`dovs()`

function in the `stokes`

package: the dimension of the underlying vector space

` dovs`

```
## function (K)
## {
## if (is.zero(K) || is.scalar(K)) {
## return(0)
## }
## else {
## return(max(index(K)))
## }
## }
## <bytecode: 0x7fc3a3917bf8>
## <environment: namespace:stokes>
```

Function `dovs()`

returns the dimensionality of the underlying vector space of a \(k\)-form. Recall that a \(k\)-form is an alternating linear map from \(V^k\) to \(\mathbb{R}\), where \(V=\mathbb{R}^n\). Function `dovs()`

returns \(n\) [compare `arity()`

, which returns \(k\)]. As seen above, the function is very simple, essentially being `max(index(K))`

, but its use is not entirely straightforward in the context of `stokes`

idiom. Consider the following:

```
set.seed(0)
<- rform(n=4,k=2)
a a
```

```
## An alternating linear map from V^2 to R with V=R^4:
## val
## 3 4 = -2
## 1 4 = 8
## 1 2 = 2
## 2 3 = 1
## 1 3 = -3
## 2 4 = 9
```

Now object `a`

is notionally a map from \(\left(\mathbb{R}^4\right)^2\) to \(\mathbb{R}\):

```
<- as.function(a)
f <- matrix(1:8,4,2)) (M
```

```
## [,1] [,2]
## [1,] 1 5
## [2,] 2 6
## [3,] 3 7
## [4,] 4 8
```

`f(M)`

`## [1] -148`

However, `a`

can equally be considered to be a map from \(\left(\mathbb{R}^5\right)^2\) to \(\mathbb{R}\):

```
<- as.function(a)
f <- matrix(c(1,2,3,4,1454,5,6,7,8,-9564),ncol=2)) # row 5 large numbers (M
```

```
## [,1] [,2]
## [1,] 1 5
## [2,] 2 6
## [3,] 3 7
## [4,] 4 8
## [5,] 1454 -9564
```

`f(M)`

`## [1] -148`

If we view \(a\) [or indeed `f()`

] in this way, that is \(a\colon\left(\mathbb{R}^5\right)^2\longrightarrow\mathbb{R}\), we observe that row 5 is ignored: \(e_5=\left(0,0,0,0,1\right)^T\) maps to zero in the sense that \(f(e_5,\mathbf{v})=f(\mathbf{v},e_5)=0\), for any \(\mathbf{v}\in\mathbb{R}^5\).

`<- cbind(c(0,0,0,0,1),runif(5))) (M `

```
## [,1] [,2]
## [1,] 0 0.3800352
## [2,] 0 0.7774452
## [3,] 0 0.9347052
## [4,] 0 0.2121425
## [5,] 1 0.6516738
```

`f(M)`

`## [1] 0`

(above we see that rows 1-4 of `M`

are ignored because of the zero in column 1; row 5 is ignored because the index of `a`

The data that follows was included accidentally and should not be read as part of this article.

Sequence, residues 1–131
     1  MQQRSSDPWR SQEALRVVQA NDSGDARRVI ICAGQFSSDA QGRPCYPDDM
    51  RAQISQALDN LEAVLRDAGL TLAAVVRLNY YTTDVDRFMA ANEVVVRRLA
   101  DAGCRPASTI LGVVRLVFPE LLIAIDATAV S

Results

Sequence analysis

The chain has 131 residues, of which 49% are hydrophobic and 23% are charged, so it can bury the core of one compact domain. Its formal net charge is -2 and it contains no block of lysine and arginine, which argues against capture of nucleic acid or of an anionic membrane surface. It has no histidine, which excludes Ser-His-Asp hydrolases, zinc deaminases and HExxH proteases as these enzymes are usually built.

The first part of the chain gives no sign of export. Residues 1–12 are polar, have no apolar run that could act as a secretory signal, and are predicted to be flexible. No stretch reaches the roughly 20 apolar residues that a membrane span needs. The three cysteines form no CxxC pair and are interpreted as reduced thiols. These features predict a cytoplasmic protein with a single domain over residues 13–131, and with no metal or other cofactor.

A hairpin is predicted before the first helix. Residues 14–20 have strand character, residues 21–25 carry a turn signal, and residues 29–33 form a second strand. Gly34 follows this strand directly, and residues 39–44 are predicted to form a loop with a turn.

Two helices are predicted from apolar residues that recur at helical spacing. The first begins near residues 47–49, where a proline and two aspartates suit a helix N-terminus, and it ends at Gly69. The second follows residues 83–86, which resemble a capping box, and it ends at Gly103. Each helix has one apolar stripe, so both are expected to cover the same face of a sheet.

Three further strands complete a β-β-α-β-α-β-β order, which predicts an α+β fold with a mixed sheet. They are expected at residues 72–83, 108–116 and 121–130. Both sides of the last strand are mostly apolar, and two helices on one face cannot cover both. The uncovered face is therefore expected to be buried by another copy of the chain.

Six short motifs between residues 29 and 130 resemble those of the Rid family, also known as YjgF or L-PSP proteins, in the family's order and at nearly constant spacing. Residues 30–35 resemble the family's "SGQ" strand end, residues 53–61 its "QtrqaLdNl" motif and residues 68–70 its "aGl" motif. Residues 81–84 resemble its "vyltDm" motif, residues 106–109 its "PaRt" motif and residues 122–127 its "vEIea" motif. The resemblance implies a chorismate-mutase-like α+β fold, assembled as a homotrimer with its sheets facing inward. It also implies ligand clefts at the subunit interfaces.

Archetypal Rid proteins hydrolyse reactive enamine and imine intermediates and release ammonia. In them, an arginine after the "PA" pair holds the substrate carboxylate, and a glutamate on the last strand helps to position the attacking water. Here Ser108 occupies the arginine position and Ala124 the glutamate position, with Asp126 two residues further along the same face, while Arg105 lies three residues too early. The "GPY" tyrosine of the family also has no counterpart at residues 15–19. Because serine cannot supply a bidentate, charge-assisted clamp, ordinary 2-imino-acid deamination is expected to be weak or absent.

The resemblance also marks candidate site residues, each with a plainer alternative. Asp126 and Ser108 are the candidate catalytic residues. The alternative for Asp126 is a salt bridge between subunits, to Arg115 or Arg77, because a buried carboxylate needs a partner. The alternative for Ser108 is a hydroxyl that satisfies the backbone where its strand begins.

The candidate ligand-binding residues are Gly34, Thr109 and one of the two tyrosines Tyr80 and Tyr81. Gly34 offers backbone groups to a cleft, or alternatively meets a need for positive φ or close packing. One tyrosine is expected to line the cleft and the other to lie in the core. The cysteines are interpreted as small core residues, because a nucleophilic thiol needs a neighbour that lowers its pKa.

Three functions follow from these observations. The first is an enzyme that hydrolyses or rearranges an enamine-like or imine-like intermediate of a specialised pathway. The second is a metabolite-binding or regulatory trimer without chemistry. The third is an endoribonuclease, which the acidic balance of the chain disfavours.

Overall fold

does not include the number 5). Because `a`

is alternating, we could have put \(e_5\) in the second column with the same result. Alternatively we see that the \(k\)-form `a`

, evaluated with \(e_5\) as one of its arguments, returns zero because the index matrix of `a`

does not include the number 5. Most of the time, this kind of consideration does not matter. However, consider this:

` dx`

```
## An alternating linear map from V^1 to R with V=R^1:
## val
## 1 = 1
```

Now, *we* know that `dx`

is supposed to be a map from \(\left(\mathbb{R}^3\right)^1\) to \(\mathbb{R}\); but:

`dovs(dx)`

`## [1] 1`

So according to `stokes`

, \(\operatorname{dx}\colon\left(\mathbb{R}^1\right)^1\longrightarrow\mathbb{R}\). This does not really matter numerically, until we consider the Hodge star operator. We know that \(\star\operatorname{dx}=\operatorname{dy}\wedge\operatorname{dz}\), but

`hodge(dx)`

`## [1] 1`

Above we see the package giving, correctly, that the Hodge star of \(\operatorname{dx}\) is the zero-dimensional volume element (otherwise known as “1”). To get the answer appropriate if \(\operatorname{dx}\) is considered as a map from \(\left(\mathbb{R}^3\right)^1\) to \(\mathbb{R}\) [that is, \(\operatorname{dx}\colon\left(\mathbb{R}^3\right)^1\longrightarrow\mathbb{R}\)], we need to specify `dovs`

explicitly:

`hodge(dx,3)`

```
## An alternating linear map from V^2 to R with V=R^3:
## val
## 2 3 = 1
```

Actually this looks a lot better with a more appropriate print method:

```
options(kform_symbolic_print="dx")
hodge(dx,3)
```

```
## An alternating linear map from V^2 to R with V=R^3:
## + dy^dz
```